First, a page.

I spent one of the latter weeks of July in my parents' home in Tennessee, grimly sifting thru papers & boxes, drawers, shelves full of things they accumulated during their decades together. I never thought of my folks as hoarders, as pack-rats even, but I was amazed at what they had managed to keep.
My father didn't retire from the military until 1974, I think. He had done tours in Austria, the Philippines, Germany (three times), California, upstate New York, and I imagine places I don't know of. The house is full of furniture and tchotchkes from Germany; many of them I'll want to keep, I suppose, others will go.
I finally gritted my teeth and loaded the trunk of the rental car with Dad's beloved wardrobe-full of tweed blazers. He loved nothing so much as buying a new blazer, and must have rewarded himself at least twice a year. (I'm not sure if I've bought a dress jacket in the last decade.) I saved one suit: a nice woolen job in charcoal grey, a German suit from the mid-1960s. It fits me pretty well, and has a great Austin Powers vibe. The ties – scores and scores of them, all too conservative for my taste – went with the blazers to Goodwill.
In exploring the attic, which I'd thought was simply the resting place of every toy I ever accumulated in my childhood (more on that later, perhaps), I found box after box after box, each of them full of old copies of The New York Review of Books, The Times Literary Supplement, and the London Review of Books. Imagine that! – at least ten years' worth of newsprint, hundreds of pounds' worth, most of which he had carted around with him from house to house, from post to post (for many of them dated from well before his retirement).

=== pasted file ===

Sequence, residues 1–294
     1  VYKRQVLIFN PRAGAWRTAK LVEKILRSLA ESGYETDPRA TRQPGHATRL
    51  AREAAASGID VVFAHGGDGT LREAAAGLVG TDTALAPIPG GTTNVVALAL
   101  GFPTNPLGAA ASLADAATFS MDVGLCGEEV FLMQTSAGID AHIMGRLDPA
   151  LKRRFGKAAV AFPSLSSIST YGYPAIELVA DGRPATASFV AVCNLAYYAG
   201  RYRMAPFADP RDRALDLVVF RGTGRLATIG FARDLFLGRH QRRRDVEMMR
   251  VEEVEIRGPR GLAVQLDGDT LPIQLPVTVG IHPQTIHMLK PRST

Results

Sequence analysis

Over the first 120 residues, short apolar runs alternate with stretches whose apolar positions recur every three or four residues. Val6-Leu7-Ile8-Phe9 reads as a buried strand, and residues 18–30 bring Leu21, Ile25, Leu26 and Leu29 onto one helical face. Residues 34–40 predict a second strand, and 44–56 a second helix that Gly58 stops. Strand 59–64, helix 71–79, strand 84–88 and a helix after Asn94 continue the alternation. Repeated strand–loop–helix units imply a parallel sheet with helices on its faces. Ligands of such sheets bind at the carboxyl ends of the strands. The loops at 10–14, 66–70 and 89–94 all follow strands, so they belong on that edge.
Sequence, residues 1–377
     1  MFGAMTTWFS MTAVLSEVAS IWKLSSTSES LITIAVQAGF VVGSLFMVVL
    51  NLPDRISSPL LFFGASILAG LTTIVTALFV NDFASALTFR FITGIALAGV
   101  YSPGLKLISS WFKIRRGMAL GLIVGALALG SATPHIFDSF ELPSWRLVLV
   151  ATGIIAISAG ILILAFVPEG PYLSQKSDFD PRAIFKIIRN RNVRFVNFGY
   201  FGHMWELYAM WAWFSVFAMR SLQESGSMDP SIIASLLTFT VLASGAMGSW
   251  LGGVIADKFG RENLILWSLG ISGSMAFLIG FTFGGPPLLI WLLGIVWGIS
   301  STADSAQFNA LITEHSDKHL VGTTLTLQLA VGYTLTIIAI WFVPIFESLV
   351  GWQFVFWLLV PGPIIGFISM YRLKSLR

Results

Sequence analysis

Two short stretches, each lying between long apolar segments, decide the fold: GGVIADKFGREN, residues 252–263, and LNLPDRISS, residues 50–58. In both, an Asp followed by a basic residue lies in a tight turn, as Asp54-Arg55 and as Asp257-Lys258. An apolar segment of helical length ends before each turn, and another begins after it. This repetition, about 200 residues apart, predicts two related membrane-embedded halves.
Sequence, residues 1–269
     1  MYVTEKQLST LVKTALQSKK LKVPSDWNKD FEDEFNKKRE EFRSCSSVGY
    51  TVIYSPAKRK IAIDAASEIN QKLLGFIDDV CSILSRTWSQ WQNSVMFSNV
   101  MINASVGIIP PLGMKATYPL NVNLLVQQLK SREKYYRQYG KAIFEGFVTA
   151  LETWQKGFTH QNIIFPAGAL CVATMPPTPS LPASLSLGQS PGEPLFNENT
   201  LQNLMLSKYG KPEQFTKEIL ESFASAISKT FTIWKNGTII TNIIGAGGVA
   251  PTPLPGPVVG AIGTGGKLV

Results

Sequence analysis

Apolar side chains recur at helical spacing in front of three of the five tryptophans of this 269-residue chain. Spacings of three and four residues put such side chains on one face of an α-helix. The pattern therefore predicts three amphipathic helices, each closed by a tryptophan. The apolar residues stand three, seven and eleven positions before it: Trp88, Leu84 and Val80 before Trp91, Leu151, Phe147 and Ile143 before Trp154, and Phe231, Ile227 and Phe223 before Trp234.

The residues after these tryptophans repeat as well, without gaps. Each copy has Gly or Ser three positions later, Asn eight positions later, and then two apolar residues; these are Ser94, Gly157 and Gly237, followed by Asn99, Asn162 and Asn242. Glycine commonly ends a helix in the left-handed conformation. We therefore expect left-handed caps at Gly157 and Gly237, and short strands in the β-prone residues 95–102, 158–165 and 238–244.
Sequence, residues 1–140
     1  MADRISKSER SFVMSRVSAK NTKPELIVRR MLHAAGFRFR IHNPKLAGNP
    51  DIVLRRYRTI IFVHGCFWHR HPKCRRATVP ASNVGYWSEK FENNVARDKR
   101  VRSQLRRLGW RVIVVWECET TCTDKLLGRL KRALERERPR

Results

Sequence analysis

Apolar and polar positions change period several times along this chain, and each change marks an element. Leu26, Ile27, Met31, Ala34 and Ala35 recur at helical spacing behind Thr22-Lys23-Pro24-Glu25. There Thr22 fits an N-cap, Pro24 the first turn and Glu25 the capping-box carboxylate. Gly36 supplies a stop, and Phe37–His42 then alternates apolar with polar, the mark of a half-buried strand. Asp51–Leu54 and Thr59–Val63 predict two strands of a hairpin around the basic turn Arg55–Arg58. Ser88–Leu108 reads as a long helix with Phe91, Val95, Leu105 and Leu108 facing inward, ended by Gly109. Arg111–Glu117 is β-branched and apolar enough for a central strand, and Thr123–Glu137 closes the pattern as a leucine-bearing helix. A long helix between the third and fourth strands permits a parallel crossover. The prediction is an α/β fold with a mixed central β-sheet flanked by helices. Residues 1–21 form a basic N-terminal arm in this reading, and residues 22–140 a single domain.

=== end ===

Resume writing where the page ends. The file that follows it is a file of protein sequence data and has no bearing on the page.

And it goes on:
I thumbed thru a few copies, looked longingly on the covers of a few TLSes – look, Terry Eagleton back when he had hair!, a new essay from Susan Sontag! – and proceeded to organize a carrier brigade: I would carry armfuls of magazines out of the attic; Daphne would carry them down the stairs; Pippa would dump them into the trunk of the car.
I don't know how many trips Daphne made up and down the stairs to the attic – she didn't complain much – but it took two trips to the recycling center to dispose of the whole mass. It's given me pause: do I want to inflict this paper scourge on my own children? And we've still barely begun dealing with his books.